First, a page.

It feels good to be back in my tent. The last night I spent in my tent was the night I got sick last week. My tent protects me so well. I was getting eaten alive by mosquitoes as I fixed and ate my dinner; and all I could keep thinking about was how I could be in my tent as soon as I finished dinner. I quickly showered to clean all the DEET off of me, then hopped into my tent just as the first raindrops began to fall. I keep dry in here and out of reach from the insects; my own little palace.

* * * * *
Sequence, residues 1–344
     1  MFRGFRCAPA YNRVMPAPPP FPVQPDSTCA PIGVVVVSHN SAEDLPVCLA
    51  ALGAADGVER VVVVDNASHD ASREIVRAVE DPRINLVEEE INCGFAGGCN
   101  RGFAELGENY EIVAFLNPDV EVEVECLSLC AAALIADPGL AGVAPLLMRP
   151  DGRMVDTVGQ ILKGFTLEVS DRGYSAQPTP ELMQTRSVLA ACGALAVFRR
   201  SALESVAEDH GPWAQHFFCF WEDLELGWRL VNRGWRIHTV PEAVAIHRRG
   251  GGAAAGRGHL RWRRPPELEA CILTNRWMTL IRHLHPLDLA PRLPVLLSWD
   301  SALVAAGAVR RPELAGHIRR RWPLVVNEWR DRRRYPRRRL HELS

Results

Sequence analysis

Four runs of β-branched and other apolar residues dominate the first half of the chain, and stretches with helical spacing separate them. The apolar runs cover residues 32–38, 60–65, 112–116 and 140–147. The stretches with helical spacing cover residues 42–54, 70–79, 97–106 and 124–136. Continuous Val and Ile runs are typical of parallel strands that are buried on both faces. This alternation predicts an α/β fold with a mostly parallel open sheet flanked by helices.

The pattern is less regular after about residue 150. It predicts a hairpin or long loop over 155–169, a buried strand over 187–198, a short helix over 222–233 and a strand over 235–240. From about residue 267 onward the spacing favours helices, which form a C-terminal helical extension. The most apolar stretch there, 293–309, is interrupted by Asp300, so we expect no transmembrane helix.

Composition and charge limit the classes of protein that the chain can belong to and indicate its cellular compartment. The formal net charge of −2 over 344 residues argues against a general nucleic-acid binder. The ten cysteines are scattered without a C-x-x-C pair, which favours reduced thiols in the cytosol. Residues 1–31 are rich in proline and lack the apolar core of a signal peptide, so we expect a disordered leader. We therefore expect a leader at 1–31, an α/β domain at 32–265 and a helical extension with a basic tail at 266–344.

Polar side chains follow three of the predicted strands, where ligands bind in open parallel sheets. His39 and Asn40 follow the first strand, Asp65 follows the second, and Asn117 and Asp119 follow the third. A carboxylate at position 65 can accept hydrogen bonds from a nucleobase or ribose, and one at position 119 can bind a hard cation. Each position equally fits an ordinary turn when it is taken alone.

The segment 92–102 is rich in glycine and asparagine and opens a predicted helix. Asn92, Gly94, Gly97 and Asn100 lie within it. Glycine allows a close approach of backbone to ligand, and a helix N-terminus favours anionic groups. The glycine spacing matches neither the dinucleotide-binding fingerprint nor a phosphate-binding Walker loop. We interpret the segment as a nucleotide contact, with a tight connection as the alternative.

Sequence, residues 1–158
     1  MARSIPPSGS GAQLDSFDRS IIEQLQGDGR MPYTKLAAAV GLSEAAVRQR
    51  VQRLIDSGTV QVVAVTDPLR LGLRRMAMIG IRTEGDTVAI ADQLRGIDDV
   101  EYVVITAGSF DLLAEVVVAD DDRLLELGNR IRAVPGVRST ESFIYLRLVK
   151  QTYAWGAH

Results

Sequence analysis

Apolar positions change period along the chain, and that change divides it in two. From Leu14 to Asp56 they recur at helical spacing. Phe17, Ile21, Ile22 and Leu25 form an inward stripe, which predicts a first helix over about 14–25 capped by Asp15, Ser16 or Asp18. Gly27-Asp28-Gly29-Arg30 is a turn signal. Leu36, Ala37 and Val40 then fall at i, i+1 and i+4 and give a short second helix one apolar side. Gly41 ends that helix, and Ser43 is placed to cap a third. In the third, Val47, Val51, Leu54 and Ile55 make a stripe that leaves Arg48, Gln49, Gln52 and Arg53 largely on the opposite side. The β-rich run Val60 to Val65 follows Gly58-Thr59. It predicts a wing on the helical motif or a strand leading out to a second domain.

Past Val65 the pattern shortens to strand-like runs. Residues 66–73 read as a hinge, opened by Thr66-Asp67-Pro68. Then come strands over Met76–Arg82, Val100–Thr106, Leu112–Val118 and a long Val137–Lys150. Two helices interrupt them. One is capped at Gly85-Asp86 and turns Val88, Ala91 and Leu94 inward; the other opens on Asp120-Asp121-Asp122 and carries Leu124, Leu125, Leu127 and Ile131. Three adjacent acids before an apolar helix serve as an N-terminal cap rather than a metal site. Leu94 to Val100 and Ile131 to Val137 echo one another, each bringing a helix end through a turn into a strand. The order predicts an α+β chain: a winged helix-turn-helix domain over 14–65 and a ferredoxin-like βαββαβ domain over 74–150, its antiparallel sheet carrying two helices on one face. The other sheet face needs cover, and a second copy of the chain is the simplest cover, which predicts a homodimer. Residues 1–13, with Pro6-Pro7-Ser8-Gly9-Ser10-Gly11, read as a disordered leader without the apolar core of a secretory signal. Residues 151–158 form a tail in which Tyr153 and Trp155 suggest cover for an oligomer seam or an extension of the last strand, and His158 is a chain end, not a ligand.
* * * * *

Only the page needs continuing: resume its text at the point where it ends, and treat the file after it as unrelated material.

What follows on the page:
My first day in NJ has been just fine. The trail in this state spends most of its time along the ridge line of the Kittatinny Mountains. On my current schedule I'll be out of NJ and into NY sometime on Thursday. Just one day at a time.

I met a large group of hikers in town that are almost all new to me. One guy knew me right off. We started on the same day in Georgia and haven't seen each other since day four. I'm pretty much at the tail end of the thru-hiker pack, but it still seems to be a fairly substantial pack.

13.2 Miles Today, 1281.8 MTD